As followers of Canadian federal privacy law might know, there was a complaint to the Office in June 2004 related to the operations of a US company called Accusearch, which promised to find confidential telephone records on anyone, for a fee. A detailed explanation of the case can be found in our Legal Corner, but the conclusion was a ruling from the Federal Court of Canada that web sites that are accessible from Canada may fall under the OPC’s jurisdiction for investigation.
In May 2006, the Federal Trade Commission charged Accusearch and its chief executive with breaking the Federal Trade Commission Act and the Telecommunications Act. A federal court in Wyoming found for the FTC in September 2007. Accusearch subsequently appealed this decision to the 10th Circuit Court of Appeals.
The Office submitted an Amicus Curiae brief in support of the Federal Trade Commission in this matter. This highlighted the fact that the unauthorized collection, use and disclosure of personal information over the Internet by data-brokers can cause harm and has extra-territorial effects.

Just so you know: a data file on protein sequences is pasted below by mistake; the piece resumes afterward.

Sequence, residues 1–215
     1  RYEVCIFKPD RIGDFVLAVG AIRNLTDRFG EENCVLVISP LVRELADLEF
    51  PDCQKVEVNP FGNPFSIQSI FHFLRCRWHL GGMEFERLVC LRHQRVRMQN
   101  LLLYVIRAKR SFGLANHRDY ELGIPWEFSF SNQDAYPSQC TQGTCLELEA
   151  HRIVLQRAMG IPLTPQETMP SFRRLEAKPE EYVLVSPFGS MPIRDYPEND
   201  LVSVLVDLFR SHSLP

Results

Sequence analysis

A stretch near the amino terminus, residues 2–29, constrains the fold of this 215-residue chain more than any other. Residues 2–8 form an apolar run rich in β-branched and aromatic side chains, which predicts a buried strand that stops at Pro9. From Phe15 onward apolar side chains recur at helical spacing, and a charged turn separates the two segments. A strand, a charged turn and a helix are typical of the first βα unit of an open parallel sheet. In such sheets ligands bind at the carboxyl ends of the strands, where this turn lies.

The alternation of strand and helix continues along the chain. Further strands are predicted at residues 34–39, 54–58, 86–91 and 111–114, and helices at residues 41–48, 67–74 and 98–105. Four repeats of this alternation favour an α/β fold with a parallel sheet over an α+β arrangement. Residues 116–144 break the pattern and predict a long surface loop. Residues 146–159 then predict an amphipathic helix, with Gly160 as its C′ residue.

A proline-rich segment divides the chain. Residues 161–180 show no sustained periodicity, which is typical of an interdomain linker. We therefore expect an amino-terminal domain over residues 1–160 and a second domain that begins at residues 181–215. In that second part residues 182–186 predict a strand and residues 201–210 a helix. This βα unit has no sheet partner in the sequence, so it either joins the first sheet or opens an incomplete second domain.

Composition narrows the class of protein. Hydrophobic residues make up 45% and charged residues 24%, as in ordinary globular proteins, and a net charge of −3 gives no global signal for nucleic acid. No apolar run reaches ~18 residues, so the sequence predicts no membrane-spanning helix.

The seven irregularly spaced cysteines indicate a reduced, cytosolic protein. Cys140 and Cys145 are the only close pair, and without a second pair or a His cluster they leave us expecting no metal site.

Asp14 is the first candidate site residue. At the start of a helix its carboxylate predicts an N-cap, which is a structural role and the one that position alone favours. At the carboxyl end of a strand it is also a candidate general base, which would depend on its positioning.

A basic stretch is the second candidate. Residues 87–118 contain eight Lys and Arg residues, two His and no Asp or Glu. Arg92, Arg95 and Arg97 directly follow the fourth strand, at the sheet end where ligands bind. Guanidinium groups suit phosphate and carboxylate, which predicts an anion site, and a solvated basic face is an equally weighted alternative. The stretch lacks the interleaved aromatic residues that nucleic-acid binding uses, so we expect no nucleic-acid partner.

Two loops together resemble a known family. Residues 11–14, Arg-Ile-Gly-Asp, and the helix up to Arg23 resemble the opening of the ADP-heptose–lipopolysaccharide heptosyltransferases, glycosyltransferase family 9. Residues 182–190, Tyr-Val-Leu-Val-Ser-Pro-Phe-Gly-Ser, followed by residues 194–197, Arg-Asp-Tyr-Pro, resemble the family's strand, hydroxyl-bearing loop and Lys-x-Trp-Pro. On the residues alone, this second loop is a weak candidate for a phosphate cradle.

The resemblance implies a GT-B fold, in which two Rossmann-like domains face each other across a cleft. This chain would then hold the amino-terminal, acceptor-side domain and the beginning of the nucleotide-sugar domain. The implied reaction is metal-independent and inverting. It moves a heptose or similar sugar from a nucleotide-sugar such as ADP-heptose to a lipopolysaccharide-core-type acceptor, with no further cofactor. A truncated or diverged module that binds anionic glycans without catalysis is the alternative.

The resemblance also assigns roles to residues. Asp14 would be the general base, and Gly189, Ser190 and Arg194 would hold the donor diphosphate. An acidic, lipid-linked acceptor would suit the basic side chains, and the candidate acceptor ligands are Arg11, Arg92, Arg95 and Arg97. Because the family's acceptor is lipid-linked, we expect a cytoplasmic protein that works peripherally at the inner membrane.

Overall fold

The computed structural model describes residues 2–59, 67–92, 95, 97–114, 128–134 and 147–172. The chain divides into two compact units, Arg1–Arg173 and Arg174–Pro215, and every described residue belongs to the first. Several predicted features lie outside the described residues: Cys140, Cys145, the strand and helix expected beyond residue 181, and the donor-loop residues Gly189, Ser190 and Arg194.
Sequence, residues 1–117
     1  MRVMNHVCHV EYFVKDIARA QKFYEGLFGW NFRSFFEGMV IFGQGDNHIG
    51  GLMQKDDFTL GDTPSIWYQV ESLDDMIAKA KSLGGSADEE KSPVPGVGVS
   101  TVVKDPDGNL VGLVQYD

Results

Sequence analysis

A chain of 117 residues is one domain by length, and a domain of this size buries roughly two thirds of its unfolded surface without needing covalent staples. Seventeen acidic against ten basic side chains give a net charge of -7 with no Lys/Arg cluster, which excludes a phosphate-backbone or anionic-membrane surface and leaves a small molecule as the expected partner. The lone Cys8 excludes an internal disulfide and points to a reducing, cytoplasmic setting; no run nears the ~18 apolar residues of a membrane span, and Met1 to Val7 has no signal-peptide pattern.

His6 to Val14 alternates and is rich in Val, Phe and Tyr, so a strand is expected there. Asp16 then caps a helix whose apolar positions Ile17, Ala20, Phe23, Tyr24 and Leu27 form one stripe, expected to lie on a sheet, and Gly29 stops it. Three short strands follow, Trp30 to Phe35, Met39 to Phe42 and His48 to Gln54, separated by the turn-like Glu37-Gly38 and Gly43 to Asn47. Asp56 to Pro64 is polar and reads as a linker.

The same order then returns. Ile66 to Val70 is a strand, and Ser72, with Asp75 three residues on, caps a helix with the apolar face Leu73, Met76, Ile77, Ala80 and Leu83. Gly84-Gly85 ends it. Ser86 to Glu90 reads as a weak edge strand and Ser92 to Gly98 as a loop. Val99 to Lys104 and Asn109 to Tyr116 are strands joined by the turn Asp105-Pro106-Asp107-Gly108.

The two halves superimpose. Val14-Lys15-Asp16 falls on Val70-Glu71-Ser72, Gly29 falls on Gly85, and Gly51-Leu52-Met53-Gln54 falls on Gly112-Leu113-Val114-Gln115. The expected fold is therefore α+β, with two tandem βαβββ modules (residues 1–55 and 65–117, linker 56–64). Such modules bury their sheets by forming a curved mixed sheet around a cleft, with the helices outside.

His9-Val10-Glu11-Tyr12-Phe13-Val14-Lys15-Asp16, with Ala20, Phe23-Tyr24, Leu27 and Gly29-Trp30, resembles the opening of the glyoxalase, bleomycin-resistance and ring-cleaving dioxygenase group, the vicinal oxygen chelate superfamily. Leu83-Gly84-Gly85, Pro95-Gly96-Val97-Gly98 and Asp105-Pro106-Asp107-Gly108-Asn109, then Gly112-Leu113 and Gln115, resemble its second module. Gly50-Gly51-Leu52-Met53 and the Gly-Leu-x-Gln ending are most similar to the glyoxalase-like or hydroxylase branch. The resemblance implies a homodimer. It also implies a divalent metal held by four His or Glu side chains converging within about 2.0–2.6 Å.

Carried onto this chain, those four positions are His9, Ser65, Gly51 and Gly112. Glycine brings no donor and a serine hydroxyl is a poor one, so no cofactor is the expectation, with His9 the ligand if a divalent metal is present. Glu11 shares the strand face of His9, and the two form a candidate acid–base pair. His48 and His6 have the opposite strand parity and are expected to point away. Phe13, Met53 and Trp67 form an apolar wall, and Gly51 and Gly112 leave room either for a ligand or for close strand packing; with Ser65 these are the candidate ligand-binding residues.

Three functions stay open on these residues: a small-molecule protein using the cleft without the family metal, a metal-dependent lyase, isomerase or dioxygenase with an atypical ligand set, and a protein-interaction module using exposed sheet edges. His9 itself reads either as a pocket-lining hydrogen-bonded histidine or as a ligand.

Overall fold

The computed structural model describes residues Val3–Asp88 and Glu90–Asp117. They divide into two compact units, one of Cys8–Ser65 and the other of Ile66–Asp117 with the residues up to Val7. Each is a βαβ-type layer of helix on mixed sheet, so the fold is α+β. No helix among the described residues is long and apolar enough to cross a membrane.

Today, the 10th Circuit Court denied the appeal, noting that:
“… Accusearch attempts to portray itself as the provider of neutral tools, stressing that it merely provided “a forum in which people advertise and request” telephone records … But that phrasing mischaracterizes the record. As explained above, Accusearch solicited requests for confidential information protected by law, paid researchers to find it, knew that the researchers were likely to use improper methods, and charged customers who wished the information to be disclosed. Accusearch’s actions were not “neutral” with respect to generating offensive content; on the contrary, its actions were intended to generate such content …”
The full decision is available on the Court’s website.